already a past tense file system and with longhorn, it probably won't even
be recognized. How long will the curent CD filesystem be used? You might
still have a CD reader (not so sure about that, they already are leaving
floppy drives out of systems and 5.25's have been gone for a while..) but
the OS might not recognize the filesystem. They are already changing the
DVD from red to blue. How many years in the future do you think you'll be
able to buy a red lazer DVD reader?


Punch cards and "digital cassettes" were never ubiquitous like
CDs and JPGs.


You don't think punch cards were "ubiquitous" in their time? They were the
-only- way to store computer info back then. Good luck finding a reader or
a system that would even recognize the data on them if you could hook up a
reader. I wrote a program years ago and saved it on a paper punch tape the
machine used. If I hadn't made an analog copy of the code on the printer,
it would be gone.

--

Stacey
  #73  
Old June 9th 04, 11:16 AM
MikeWhy
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Default below $1000 film vs digital

"Stacey" wrote in message
...
Why can't people compare a good optical print to a digitally printed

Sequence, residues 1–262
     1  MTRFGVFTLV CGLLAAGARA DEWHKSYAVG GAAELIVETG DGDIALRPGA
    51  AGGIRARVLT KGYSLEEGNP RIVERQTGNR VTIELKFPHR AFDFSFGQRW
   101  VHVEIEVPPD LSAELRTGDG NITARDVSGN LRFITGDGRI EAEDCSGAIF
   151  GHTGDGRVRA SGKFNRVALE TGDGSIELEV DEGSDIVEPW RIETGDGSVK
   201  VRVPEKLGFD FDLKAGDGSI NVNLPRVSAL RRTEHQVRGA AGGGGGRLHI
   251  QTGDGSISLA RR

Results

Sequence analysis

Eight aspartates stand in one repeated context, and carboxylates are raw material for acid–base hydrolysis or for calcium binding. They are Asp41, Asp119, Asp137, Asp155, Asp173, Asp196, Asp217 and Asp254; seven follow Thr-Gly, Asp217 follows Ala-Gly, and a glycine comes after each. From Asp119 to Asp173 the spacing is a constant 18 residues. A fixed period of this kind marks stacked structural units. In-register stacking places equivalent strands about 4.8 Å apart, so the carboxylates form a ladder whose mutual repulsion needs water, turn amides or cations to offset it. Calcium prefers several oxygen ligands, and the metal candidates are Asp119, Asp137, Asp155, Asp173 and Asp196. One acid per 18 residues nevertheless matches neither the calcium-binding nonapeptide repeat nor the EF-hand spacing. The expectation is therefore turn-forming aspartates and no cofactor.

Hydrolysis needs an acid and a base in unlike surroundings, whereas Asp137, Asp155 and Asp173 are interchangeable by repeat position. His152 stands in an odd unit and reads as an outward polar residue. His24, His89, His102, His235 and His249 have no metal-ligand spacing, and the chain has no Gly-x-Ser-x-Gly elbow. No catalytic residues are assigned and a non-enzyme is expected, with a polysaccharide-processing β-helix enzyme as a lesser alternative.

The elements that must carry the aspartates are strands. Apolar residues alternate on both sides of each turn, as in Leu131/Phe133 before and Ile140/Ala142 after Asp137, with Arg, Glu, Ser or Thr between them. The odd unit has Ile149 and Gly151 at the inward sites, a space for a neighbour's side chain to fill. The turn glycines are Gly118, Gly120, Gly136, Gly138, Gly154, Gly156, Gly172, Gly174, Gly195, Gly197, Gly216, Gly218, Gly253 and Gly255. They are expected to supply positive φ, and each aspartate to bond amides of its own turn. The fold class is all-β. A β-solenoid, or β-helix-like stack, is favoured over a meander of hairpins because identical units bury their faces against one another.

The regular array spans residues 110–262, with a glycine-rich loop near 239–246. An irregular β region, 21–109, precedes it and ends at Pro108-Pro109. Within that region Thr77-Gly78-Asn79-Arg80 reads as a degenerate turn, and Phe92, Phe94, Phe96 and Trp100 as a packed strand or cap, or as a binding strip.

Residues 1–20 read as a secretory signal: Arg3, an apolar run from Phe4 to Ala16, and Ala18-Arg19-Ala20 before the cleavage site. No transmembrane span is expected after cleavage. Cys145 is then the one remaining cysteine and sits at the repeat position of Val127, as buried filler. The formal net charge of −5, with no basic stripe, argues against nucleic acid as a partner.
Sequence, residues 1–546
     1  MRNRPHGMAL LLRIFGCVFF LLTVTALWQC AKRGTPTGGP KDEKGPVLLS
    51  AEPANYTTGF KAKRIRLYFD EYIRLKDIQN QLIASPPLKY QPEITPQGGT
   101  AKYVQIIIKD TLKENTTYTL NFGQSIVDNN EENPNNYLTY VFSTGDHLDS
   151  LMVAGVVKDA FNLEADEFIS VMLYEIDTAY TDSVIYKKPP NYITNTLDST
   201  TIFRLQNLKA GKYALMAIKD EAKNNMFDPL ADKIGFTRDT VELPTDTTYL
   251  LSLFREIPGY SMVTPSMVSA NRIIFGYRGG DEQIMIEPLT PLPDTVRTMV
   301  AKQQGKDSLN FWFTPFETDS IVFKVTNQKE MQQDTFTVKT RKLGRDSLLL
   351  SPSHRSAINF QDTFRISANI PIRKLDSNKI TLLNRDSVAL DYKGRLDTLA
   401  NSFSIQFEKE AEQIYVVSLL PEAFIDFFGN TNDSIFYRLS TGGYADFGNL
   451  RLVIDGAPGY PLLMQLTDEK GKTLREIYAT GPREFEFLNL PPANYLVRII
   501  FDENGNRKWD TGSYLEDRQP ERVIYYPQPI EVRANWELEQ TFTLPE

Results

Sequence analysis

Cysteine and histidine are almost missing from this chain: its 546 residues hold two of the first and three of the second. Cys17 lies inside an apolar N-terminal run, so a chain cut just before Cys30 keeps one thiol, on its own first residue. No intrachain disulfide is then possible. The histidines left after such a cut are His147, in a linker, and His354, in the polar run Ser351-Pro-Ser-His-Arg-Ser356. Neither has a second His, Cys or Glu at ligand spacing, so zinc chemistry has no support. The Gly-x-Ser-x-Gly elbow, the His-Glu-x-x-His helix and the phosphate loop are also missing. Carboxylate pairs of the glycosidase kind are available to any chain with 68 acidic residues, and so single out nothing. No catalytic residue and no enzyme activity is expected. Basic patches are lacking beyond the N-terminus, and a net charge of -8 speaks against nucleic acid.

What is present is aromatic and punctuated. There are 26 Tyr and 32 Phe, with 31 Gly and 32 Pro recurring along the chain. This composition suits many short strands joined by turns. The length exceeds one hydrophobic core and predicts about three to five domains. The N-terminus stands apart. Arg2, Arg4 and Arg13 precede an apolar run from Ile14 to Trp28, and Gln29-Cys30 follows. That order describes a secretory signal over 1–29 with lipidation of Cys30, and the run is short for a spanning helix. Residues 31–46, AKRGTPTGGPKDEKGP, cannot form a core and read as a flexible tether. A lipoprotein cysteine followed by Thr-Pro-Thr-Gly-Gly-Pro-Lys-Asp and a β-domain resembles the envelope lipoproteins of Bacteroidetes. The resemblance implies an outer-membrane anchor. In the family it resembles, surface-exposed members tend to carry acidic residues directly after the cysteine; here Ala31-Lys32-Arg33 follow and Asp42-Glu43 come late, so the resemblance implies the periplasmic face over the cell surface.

digital
shot? Why do they always scan the film and use that to compare them?


I haven't seen any advantage to a straight optical print compared to
digital, and certainly not one that would justify the price difference. I'd
like to hear your experience in detail. Notice we're no longer talking about
deli counter prints.

As to scanning versus direct digital, DSLRs deliver gorgeous pixels, but not
very many of them. The current generation is equivalent to carefully shot
35mm. Quality is better at 8x10; both are challenged at 11x14. You need
larger film to get better images. And this brings us right back to optical
print versus scanned digital print. Scanning is an enabler, not the problem
child.

Custom lab optical prints from 35mm are decidedly a waste of hopes, time,
and money. It's the worst of all possible worlds. DSLRs match it in image